Mitophagy is a selective form of autophagy allowing for the degradation of damaged or dysfunctional mitochondria. Dysfunctional mitochondria are unable to carry out OXPHOS properly due to mitochondrial membrane depolarization and further accumulation of ROS, resulting in a significant increase in overall cellular oxidative stress [5]. Since mitochondria form a highly dynamic network, the dysfunctional mitochondrion needs to be isolated from the healthy network; this process requires the precise coordination of mitochondrial dynamics [6]. Mitochondrial dynamics i.e., fission (fragmentation) and fusion (elongation), defines mitochondrial shape, quality and quantity and regulates different cellular functions including proliferation, migration and metabolism [3, 7, 8]. Mechanistically, fission and fusion are tightly regulated by guanosine triphosphatases (GTPases) [9]. Mitochondrial fission is driven by dynamin-related protein 1 (Drp1) [10], a GTP-binding protein that can be recruited to the mitochondrial membrane and, with the assistance of adaptor proteins like Fis1, MFF, MID49 and MID51, forms a ring structure around the mitochondrion, thereby inducing the division of the mitochondrial membrane [10,11,12]. The fission of mitochondria is regulated by the phosphorylation status of Drp1 [13]. Thus, the phosphorylation of Drp1 at Ser585 by CDK 1/Cyclin B activates mitochondrial fission in mitotic cells, whereas phosphorylation of Drp1 at Ser637 leads to the inhibition of fission [14]. Mitochondrial fusion is regulated by mitofusins 1 and 2 (Mfn1, 2) at the outer mitochondrial membrane (OMM), whereas inner mitochondrial membrane (IMM) fusion is induced by the cristae-shaping protein Opa1 [10]. Mitochondrial fission can produce impaired daughter mitochondria that will be utilized by mitophagy [15].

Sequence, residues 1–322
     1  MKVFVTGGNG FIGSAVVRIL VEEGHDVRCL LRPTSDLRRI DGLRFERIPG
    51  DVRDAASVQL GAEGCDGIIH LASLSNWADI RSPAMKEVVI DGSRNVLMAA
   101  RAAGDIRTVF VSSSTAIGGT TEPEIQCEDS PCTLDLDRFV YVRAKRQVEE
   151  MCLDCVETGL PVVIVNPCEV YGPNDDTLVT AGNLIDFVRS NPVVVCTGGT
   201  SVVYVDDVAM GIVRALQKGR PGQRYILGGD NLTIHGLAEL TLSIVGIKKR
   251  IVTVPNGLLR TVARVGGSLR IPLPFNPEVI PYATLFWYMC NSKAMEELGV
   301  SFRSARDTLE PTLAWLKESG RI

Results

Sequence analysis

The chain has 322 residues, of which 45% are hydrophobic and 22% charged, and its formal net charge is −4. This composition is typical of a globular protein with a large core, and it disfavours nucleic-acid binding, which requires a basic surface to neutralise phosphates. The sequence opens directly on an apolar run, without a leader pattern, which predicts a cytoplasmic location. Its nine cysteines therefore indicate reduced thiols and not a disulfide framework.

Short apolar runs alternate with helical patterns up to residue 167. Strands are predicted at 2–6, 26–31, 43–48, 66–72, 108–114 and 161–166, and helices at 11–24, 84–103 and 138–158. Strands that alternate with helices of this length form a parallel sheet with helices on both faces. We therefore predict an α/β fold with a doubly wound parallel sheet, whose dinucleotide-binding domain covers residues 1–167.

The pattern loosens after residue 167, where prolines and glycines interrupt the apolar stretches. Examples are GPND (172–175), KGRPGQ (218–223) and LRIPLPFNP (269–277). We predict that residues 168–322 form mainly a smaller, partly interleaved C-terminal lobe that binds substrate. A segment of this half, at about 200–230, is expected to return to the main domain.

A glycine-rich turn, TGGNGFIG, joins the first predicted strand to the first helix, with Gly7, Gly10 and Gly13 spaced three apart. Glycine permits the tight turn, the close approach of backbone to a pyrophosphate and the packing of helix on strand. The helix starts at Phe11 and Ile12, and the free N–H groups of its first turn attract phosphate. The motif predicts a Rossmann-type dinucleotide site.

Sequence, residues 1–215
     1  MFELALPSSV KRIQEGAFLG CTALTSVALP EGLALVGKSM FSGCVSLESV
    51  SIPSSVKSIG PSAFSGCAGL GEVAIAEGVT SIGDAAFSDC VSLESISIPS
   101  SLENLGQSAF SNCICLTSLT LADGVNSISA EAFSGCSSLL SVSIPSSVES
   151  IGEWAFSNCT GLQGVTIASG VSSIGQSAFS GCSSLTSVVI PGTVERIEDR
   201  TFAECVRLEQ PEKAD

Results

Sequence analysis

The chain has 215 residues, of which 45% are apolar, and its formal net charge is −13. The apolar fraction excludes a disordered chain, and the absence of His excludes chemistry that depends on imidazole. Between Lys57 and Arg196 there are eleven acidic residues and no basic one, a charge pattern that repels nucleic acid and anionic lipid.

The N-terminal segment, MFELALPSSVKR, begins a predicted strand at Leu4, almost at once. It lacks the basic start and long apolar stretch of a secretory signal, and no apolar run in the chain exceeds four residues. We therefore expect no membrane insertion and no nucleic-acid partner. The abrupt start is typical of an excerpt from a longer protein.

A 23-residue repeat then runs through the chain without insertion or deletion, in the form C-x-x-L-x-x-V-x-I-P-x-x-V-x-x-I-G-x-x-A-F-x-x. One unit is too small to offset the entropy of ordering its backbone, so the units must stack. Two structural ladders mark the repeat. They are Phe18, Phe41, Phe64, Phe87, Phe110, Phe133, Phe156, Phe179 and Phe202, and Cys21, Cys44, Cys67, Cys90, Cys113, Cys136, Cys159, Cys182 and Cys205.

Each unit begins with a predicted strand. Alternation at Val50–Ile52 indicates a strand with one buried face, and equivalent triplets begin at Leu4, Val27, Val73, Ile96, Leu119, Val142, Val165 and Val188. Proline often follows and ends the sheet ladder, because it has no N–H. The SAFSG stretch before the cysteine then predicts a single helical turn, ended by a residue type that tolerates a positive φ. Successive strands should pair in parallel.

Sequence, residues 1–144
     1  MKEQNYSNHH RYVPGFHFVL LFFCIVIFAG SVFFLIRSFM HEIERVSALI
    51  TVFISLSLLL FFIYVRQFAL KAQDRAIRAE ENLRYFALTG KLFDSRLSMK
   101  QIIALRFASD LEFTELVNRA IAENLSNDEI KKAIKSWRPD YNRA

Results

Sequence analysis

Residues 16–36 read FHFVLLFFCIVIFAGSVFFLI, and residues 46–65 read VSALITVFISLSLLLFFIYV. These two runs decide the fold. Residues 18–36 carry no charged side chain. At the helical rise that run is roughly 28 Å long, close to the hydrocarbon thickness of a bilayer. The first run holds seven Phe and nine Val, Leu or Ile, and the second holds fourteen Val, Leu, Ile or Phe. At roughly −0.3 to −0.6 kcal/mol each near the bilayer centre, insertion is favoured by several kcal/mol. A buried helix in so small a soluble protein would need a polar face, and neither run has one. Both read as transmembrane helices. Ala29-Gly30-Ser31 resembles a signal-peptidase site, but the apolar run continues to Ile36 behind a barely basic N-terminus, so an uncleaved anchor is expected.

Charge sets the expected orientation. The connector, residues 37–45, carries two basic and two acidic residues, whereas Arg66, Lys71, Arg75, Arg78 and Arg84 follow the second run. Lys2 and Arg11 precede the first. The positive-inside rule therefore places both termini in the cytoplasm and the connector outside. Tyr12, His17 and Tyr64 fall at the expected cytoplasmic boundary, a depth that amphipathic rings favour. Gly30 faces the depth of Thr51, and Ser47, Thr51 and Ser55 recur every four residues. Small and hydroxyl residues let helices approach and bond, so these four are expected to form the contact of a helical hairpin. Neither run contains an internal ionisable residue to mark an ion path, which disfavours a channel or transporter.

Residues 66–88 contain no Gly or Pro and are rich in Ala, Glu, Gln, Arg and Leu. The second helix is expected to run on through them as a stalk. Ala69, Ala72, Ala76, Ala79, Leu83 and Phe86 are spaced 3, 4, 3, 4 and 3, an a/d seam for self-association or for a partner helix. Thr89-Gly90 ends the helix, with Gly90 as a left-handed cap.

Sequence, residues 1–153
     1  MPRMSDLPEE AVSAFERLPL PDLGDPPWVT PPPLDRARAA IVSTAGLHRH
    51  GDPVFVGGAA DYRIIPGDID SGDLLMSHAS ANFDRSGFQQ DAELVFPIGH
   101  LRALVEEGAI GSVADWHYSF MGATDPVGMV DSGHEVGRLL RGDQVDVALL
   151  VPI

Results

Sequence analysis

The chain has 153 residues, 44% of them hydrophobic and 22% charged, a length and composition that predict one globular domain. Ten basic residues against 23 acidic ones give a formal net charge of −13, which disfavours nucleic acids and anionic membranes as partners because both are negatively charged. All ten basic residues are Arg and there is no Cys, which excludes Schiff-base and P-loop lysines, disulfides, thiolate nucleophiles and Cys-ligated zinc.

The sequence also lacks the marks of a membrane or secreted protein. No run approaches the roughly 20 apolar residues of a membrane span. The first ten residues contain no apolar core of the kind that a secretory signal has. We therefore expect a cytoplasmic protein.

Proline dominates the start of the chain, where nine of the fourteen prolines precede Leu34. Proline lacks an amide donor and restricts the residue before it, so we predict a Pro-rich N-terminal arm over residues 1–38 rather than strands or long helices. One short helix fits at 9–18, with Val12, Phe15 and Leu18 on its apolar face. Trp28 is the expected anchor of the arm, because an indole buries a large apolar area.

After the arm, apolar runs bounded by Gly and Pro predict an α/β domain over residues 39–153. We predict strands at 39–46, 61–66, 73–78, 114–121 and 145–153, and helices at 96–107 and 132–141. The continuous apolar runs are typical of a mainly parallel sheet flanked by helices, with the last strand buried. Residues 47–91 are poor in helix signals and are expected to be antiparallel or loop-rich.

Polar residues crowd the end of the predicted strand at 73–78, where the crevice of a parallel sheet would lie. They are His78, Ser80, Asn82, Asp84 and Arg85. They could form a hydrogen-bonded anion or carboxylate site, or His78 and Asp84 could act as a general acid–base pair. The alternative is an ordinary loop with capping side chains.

Mitophagy can be induced through different pathways. The most studied is the so-called PINK1/Parkin pathway (Fig. 1A) [3]. It is associated with the ubiquitynation of several mitochondrial proteins that were initially found to be related to Parkinson’s disease [16]. PINK1 is a serine/threonine kinase that contains a mitochondrial targeting sequence at its N-terminus [17, 18]. Under physiological conditions, PINK1 is transferred into the IMM by translocase of the outer membrane (TOM) and translocase of the inner membrane (TIM) complexes, where it is cleaved by the mitochondrial protease PARL (presenilin-associated rhomboid-like), and further degraded by the proteasome. PINK1 transport into mitochondria is driven by the mitochondrial membrane potential. In depolarized mitochondria, PINK1 stays associated with the OMM, where it is activated through autophosphorylation and phosphorylates ubiquitin chains [19, 20]. In turn, phosphorylated ubiquitin chains facilitate the recruitment of Parkin, an E3 ubiquitin ligase, and amplification of mitophagy signal [3, 21], triggering the sequestration of impaired mitochondria [6].

Fig. 1
figure 1

Schematic representation of PINK1/Parkin- and receptor-mediated mitophagy (see the text for the details). A PINK1/Parkin-mediated mitophagy, BD BNIP3- FUNDC1- FKBP8-mediated mitophagy, respectively